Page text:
Nelson said he and other senators, "perhaps" including Democrats, plan to introduce an amendment "something like Stupak" on the Senate floor. The prospects of such an amendment passing, however, are slim. Republican abortion-rights opponents include Nelson's home-state colleague, Sen. Mike Johanns, have conceded they cannot muster the 60 votes they would need to attach the Stupak language to the Senate bill.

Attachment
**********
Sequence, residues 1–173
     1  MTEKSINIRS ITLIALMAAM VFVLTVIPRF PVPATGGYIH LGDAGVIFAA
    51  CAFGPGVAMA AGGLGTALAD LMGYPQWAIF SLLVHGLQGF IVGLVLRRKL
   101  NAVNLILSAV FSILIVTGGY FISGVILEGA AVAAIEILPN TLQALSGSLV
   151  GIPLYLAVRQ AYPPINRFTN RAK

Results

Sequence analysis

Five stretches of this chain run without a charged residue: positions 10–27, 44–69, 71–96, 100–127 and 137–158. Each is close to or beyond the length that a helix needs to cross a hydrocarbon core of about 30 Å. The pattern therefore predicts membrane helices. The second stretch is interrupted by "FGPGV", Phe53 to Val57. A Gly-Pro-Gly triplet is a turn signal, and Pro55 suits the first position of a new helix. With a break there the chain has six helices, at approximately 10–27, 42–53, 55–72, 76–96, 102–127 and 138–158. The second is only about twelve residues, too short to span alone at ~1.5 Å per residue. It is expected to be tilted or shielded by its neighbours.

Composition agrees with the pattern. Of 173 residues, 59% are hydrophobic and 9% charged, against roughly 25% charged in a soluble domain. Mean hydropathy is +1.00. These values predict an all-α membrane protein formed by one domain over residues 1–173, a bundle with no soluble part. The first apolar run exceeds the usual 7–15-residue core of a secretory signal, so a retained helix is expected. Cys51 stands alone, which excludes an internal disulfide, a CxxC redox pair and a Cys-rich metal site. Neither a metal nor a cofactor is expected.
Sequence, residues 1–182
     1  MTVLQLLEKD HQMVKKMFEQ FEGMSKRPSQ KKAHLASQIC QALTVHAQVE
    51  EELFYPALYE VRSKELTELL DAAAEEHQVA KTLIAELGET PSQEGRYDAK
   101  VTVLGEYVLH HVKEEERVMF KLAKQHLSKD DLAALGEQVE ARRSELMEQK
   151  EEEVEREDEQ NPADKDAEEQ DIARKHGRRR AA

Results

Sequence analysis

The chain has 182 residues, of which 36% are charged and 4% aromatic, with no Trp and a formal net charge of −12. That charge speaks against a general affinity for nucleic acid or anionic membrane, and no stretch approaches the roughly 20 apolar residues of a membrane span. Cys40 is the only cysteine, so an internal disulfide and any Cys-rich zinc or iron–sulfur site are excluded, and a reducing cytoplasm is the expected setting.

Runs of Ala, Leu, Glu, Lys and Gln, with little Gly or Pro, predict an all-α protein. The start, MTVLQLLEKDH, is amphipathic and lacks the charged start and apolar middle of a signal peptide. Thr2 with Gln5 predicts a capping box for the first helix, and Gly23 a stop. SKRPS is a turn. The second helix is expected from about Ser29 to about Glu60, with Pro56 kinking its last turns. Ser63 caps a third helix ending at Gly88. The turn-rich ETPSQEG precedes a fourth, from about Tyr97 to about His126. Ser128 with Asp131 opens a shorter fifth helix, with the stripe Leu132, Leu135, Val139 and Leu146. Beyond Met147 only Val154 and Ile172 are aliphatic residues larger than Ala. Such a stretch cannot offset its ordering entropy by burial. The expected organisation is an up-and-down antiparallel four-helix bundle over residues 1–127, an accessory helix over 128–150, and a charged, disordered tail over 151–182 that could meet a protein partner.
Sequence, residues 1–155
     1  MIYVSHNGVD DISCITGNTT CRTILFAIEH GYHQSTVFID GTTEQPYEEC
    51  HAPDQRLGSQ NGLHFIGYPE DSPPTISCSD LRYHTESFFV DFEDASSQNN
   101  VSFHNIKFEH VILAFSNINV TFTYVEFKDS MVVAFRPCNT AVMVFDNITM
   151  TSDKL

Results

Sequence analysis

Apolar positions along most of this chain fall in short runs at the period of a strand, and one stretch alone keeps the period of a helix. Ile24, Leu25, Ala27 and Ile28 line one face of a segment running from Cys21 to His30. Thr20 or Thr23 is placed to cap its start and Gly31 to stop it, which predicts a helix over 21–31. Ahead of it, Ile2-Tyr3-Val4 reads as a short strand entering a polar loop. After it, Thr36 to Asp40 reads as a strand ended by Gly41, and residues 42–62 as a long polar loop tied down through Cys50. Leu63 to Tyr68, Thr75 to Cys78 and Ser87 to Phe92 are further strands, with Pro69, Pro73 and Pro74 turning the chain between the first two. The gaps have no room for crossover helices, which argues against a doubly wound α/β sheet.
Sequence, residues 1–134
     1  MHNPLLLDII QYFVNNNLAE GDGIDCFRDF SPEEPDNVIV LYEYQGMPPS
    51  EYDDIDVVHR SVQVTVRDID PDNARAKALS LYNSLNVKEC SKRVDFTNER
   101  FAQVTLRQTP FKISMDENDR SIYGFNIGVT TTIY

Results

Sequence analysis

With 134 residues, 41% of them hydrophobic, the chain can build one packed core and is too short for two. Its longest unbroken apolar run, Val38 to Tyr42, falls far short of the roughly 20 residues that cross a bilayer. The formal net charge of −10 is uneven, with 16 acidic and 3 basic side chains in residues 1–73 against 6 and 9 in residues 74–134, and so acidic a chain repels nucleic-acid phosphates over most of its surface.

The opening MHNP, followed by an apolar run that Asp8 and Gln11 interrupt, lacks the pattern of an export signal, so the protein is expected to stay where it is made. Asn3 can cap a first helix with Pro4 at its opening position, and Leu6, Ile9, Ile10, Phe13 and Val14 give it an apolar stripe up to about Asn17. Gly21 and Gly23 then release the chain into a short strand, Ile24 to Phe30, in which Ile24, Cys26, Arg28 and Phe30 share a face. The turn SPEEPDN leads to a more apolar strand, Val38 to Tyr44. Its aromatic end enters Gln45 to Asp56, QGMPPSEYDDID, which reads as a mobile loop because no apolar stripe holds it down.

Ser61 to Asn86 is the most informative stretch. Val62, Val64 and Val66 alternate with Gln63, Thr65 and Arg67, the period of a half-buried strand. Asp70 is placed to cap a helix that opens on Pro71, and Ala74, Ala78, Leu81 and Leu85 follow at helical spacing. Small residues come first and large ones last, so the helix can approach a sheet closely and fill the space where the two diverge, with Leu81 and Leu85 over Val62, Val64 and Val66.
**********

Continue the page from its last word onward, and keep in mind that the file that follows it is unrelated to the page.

"The only thing I'm talking about is the Stupak plan, which is referred to as an abortion issue but I think the president was right when he said this bill's not about abortion. It's about how you account for federal dollars to stay consistent with Hyde and the long-term federal policy of not using tax dollars or federal monies to fund abortions," Nelson said.